NBA to Enforce New 90-Second Pregame Ritual Limit, Which Kevin Durant Isn’t Too Thrilled About

NBA to Enforce New 90-Second Pregame Ritual Limit, Which Kevin Durant Isn't Too Thrilled AboutIf you happen to notice teams spending less time than usual on all of their pregame jazz this season, understand that it's by design.

According to a new rule, teams will have 90 seconds from the time pregame introductions end to return to the court and be ready for the game's opening tip.

So pregame powder-throwing, move-busting, chest-bumping, fist-pumping and whatever else it is that players do nowadays will have to stay within a strict limit, or else the party is starting without them. In the end, all of this might not amount to much time saved, but count Kevin Durant among those not too thrilled about the new rule.

"I personally don't like it," Durant said, according to The Oklahoman. "Every player in this league has routines they do with their teammates, rituals they do before the game and before they walk on the floor. The fans like it. The fans enjoy it. You see the fans mimicking the guys who do their stuff before the game. To cut that down really don't make no sense. Why would you do it? I really don't agree with it, but I don't make the rules."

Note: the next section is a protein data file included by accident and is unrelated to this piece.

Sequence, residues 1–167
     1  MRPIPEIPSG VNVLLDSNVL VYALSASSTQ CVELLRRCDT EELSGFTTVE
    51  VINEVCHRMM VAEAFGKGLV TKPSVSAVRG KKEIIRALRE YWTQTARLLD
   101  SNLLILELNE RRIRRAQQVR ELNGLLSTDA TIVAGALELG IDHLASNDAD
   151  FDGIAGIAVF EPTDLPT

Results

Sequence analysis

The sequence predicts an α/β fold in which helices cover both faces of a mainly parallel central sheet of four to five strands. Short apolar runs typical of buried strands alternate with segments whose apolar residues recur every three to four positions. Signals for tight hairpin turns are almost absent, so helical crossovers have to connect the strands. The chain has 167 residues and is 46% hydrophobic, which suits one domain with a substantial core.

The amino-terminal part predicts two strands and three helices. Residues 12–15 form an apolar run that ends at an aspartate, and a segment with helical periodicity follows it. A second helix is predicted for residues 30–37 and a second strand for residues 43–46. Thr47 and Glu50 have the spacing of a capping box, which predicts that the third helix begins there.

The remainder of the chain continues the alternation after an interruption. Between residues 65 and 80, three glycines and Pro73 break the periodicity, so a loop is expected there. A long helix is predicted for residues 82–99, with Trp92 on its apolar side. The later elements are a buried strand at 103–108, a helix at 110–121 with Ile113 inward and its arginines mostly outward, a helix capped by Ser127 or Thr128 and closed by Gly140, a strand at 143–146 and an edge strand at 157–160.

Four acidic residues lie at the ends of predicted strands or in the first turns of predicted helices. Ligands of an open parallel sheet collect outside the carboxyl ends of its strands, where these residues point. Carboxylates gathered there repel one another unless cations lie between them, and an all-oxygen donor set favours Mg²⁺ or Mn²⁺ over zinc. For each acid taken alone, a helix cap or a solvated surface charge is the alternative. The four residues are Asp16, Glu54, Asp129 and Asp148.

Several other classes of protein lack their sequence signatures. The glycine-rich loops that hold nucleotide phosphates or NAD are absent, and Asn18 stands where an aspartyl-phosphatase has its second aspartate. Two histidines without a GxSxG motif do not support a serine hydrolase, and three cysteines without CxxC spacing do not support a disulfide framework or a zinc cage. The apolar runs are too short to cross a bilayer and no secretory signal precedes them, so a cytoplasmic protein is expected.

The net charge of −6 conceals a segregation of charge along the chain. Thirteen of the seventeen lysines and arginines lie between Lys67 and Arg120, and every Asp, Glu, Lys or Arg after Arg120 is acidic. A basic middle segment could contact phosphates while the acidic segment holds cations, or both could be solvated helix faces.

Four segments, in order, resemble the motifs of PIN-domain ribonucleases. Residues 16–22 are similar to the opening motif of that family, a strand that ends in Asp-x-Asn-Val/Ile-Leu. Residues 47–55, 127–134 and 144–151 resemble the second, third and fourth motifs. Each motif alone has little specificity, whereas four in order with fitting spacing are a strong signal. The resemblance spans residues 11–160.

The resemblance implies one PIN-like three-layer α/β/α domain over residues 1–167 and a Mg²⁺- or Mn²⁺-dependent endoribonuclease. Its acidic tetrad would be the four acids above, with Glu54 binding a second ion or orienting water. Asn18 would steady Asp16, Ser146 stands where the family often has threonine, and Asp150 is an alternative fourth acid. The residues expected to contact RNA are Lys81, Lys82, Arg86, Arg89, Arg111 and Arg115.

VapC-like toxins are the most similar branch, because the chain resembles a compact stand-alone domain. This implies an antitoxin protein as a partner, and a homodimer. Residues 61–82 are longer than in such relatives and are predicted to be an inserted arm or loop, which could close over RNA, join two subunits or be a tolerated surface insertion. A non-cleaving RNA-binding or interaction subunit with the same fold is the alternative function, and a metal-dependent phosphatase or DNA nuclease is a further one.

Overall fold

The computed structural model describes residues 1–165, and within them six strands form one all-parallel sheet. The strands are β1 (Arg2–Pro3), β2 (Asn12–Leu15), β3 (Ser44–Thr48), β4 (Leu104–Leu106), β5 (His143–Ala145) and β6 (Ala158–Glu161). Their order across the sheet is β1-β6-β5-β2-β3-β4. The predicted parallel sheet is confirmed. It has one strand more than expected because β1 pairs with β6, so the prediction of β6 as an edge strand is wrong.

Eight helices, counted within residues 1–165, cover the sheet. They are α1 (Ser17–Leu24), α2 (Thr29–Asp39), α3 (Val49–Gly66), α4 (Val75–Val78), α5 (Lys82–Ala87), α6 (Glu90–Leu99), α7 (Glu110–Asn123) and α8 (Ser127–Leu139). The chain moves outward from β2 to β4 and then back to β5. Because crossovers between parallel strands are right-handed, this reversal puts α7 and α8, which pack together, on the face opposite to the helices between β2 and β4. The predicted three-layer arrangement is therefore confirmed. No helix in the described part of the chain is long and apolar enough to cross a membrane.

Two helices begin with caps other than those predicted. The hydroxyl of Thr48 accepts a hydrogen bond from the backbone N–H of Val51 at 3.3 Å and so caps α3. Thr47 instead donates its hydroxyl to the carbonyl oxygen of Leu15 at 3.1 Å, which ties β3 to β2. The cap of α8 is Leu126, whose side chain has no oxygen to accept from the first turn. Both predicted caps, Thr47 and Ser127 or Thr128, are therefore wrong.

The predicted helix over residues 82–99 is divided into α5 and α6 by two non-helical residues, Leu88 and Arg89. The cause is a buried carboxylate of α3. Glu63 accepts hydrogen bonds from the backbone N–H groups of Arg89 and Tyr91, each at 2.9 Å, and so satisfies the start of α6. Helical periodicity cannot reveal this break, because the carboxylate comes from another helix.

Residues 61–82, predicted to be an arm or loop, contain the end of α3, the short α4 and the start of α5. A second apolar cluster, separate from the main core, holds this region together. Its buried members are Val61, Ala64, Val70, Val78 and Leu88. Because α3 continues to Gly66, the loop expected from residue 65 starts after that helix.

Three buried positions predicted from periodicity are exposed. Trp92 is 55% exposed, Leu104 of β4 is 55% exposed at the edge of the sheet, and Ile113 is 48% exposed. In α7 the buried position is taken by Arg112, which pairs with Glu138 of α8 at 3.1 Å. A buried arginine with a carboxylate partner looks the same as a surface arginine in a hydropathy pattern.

Durant's Thunder tend to spend a long time taking care of business before games, so obviously he's going to be among the players impacted by the new rule. Durant understands, however, that he'll just have to make adjustments.

"Maybe I've got to go a little quicker," Durant reportedly said. "I've got to make sure I acknowledge all my teammates before I walk out on the floor. That's just how I am. That's how we are as a team, guys do their thing, their handshakes. I do the tying [of] the shoes, the praying. I've just got to speed it up."

For fans, this means a few less seconds to gather the game-time spread. Plan accordingly.

Yardbarker

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